FREEDOM QUILTING BEE
Estelle Witherspoon Obituary
Estelle Witherspoon, a founder and manager of the freedom Quilting Bee in Alberta, Alabama, died on Christmas eve. A funeral service was held in Alberta on January 2.
The Freedom Quilting Bee, formed in 1966 by local women as an outgrowth of the Civil Rights Movement, became nationally known for its colorful quilts based on traditional patterns. In the mid sixties, African-Americans in the area had been farming on rented land, also lost their homes. To supplement income, women began to sell their quilts, with the encouragement and assistance of a network of supporters from around the country. In the early
days, Reverend Franicx X. Walter, an Episcopal priest, was the most active of these.
As their cause gained support and their work gained admiration, Freedom Quilting Bee quilts were sold in places like BloomindaleÕs, Saks, Bonwits and lord & TaylorÕs. They were exhibited at the Smithsonian InstituteÕs Folk Life Festivals The group had contracts from Sears. Their quilts were featured in articles in Vogue, House and Garden, and the New York Times.
The group, with six to ten empolyees, own building and continues to be an
outstanding example of community-based economic development, operating in
one of the [poorest counties in the country. Family members of original FQB
members continue to work there. In addition to quilts of various sizes, the
group now makes placemat and napkin sets, potholders, aporans, childrenÕs
blocks and conference bags. The current manager of the Freedom Quilting Bee
is Rennie Miller, whose mother, Nettie Young, also a founder of the group,
chairs its board.
Ms. Witherspoon was a founding member of the Federation of Southern Cooperatives, a regional technical assistance and advocacy organization in the South, which continues to provide support to the FQB. In the seventies and eighties, the Bee became affiliated with the Arttisans Cooperatives, based in Chadds Ford, Pennsylvanis, which brought it into a network for the training, product design, and new outlets in the Northeast. More recently, the group has joined with the other rural womenÕs producer groups in the Rural WomenÕs Product Development & Marketing Venture, a project of the Rural Development Leadership Network based in New York City, Through this project, women from these other groups, Artes del Valle (CO), Mujeres Unidas (NM), and Native WomenÕ[s Cooperatives (OK) visited the freedom Quilting Bee in early October.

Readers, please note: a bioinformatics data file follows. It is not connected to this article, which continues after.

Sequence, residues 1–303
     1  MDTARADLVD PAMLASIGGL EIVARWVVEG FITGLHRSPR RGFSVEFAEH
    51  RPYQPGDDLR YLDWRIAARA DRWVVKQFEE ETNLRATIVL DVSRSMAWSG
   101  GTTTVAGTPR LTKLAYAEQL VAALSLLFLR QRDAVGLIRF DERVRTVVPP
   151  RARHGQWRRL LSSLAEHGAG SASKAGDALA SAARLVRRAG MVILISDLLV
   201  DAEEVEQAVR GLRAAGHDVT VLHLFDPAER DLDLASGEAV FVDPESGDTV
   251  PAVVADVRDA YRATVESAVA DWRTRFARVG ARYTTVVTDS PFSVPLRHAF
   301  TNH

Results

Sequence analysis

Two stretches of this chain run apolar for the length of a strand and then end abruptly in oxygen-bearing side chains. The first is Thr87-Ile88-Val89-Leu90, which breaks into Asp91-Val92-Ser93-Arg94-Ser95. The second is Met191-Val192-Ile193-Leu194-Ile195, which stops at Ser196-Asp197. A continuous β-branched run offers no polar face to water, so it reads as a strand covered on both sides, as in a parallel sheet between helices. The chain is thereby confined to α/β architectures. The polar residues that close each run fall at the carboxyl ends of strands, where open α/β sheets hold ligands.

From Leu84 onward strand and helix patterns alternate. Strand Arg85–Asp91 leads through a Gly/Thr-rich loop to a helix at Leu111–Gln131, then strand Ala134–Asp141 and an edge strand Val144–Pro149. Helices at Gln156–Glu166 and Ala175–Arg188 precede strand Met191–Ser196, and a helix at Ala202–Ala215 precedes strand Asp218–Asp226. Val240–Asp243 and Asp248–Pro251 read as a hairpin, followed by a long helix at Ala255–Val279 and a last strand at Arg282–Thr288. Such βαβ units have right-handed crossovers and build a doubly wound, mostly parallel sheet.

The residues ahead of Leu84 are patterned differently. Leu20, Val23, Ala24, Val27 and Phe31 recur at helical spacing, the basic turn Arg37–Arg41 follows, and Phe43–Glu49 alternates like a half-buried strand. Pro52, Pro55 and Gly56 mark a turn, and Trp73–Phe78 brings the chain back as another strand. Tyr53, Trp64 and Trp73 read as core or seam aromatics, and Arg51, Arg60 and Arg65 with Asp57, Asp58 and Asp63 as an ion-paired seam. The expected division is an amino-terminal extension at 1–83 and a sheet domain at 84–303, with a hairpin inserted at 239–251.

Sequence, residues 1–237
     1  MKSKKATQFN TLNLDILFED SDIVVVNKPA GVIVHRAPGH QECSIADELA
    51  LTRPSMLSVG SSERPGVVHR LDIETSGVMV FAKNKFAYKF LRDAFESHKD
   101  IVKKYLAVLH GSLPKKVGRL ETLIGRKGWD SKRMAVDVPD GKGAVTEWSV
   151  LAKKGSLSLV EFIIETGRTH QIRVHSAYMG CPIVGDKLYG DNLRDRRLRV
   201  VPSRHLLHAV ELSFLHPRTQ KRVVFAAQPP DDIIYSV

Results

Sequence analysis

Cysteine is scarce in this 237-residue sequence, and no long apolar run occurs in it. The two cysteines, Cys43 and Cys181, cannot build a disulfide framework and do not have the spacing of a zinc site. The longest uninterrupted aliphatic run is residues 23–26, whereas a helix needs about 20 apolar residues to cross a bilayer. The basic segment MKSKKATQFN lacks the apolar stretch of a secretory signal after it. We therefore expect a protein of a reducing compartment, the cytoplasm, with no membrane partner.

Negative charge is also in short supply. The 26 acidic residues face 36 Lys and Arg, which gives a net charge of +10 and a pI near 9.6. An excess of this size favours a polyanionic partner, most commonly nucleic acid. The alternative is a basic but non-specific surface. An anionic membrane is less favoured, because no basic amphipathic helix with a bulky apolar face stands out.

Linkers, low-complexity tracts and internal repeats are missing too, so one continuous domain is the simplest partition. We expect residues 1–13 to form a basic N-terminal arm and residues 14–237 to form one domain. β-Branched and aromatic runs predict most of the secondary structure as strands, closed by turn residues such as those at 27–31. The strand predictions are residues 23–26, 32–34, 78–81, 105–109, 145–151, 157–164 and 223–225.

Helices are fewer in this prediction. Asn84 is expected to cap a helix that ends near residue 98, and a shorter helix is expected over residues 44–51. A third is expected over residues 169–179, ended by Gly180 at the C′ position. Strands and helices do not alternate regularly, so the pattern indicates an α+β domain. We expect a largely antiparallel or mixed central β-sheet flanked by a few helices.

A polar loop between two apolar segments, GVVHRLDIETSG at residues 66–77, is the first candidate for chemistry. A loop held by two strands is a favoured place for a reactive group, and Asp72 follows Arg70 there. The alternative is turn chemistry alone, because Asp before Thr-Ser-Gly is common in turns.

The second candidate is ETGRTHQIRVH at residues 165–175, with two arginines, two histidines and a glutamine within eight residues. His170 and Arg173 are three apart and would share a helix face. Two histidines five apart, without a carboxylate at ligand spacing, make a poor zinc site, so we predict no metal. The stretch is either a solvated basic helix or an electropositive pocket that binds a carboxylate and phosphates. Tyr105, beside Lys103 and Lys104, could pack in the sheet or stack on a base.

Ms. Witherspoon, who like early FQB members spent time in jail for Civil Rights activities, was the guiding light for the Freedom Quilting Bee, traveling and speaking widely to promote the groupÕs cause and its products, until her retirement in the early nineteen nineties.
Ms. Witherspoon was born into the Abrams family on January 20,1916 in Alberta
and was one of the six children. She was married to Eugene Witherspoon on
February 26,1936. Together they farmed for many years. Mr. Witherspoon died
Ms. Witherspoon completed the highest schooling offered in the area at the time, the ninth grade at the nearby Pine Grove School, and in fact she attended the school for three more years in the same grade because she wanted to keep learning.
An active member of the Pine Grove Baptist Church, Ms. Witherspoon was ordained ŌMother of the ChurchĶ and she was well known as a singer there and at other churches. She served as constable in Wilcox Country, as a poll worker, a secretary of the Sisters and Brothers of Charity Society, a member of the humans rights committee for Partlow State School and human Hospital for the mentally retarded, and a board member of the Artisans cooperative, acting chairman from 1981-83.
The story of the group is recorded in a book called The Freedom Quilting Bee by Nancy Callahan, Published by the University of Alabama Press in 1987.
Ms, Witherspoon is survived by her daughter Louise Williams of Fayetteville, North Carolina, with whom she lived during the last year or so of her life.